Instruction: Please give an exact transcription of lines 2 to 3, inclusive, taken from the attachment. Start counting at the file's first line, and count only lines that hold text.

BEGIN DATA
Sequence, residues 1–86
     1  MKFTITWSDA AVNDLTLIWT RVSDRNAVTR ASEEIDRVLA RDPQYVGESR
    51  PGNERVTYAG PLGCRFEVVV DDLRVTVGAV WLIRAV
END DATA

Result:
     1  MKFTITWSDA AVNDLTLIWT RVSDRNAVTR ASEEIDRVLA RDPQYVGESR
    51  PGNERVTYAG PLGCRFEVVV DDLRVTVGAV WLIRAV